At this age, your toddler likely enjoys cuddling and openly showing you affection - and playing with others is getting easier.
Here's what else you can expect between 30 and 36 months
Social and Emotional Milestones
Most toddlers at this age will:
- Use social language, such as "please," "thank you" and "bye-bye."
- Play with others.
- Play make believe games and creates imaginary characters.
- Get upset with major changes in routines.
- Know and respond to other people's feelings.
- Become more comfortable with new people.
- Want to do things independently, but may fear new experiences.
- Want approval and praise.
Play and Activity
Your toddler is continuing to take great strides socially and emotionally. Nurture that growth by introducing your toddler to familiar neighbours and others in your community. Shower your toddler with affectionate hugs and loving words. Praise good behaviour with clear language. Instead of saying "good girl," or "good boy," say, "Sharing your teddy with Kim was very kind."
Here are some more tips for supporting your child's social and emotional development:
- Provide opportunities to play with other children.
- Encourage your toddler to wash, dress and feed dolls or other toys to teach caring for others.
- Encourage imaginary play. Join in with questions: "Is the tea ready?"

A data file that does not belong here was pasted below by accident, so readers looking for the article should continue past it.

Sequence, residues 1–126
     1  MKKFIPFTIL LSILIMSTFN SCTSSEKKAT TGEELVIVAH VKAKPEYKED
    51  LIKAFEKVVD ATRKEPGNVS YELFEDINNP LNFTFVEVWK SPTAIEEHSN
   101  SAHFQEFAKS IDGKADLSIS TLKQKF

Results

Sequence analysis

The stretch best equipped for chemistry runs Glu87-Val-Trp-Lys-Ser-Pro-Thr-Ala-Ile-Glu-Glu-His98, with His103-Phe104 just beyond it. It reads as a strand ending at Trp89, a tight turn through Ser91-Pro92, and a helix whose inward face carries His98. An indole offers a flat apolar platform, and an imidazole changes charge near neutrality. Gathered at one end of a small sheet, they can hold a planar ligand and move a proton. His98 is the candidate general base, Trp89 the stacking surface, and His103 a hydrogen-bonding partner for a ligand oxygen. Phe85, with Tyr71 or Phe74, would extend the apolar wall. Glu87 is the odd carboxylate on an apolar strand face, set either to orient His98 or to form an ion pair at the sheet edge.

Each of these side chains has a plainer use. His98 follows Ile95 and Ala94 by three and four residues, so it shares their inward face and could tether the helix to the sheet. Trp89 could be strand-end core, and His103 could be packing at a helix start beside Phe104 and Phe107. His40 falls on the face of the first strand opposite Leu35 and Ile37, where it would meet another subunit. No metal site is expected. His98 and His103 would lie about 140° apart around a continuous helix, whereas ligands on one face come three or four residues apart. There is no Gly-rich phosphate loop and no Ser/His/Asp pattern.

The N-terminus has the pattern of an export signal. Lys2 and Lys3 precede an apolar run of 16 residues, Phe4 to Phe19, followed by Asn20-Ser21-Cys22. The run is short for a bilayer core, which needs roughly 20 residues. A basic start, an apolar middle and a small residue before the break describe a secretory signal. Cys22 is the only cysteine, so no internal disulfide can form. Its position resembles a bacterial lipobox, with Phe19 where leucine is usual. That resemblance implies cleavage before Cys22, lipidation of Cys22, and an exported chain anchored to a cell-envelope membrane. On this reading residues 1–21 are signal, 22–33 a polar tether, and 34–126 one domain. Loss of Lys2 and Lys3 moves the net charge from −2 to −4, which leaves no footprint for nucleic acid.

- Stay nearby to help your toddler solve problems while playing with other children. Make sure a trusted adult is always close by when children are playing.
- Continue to breastfeed.
- Praise your toddler's new skills and when she does something without help.
- Accept your toddler's feelings and talk about them.
- Give and use words for feelings: "disappointed," "hurt," "thrilled," "excited.”
- Talk very simply about your own feelings as examples.
- Listen to and understand your toddler's fears.
- Sing songs and read stories about emotions. Talk about the feelings of a story's characters and ask your toddler why the characters might feel that way.
Other Social and Emotional Milestones
Between 30 and 36 months your toddler may also:
- Copy adult behaviours, such as shopping, banking, parenting, breastfeeding, or cooking.
- Create an imaginary friend to talk to.
- Be more comfortable around new adults.
- Help other children do things.
- Develop skills such as taking turns, sharing, and using words instead of fighting.
- Explain his feelings when asked about them.
- Understand the feelings of other children and talk about them.
- Stamp her feet when frustrated.
- Ask you to tell certain stories to help deal with fears.
Resources & Links:
HealthLink BC: Your Child’s Feelings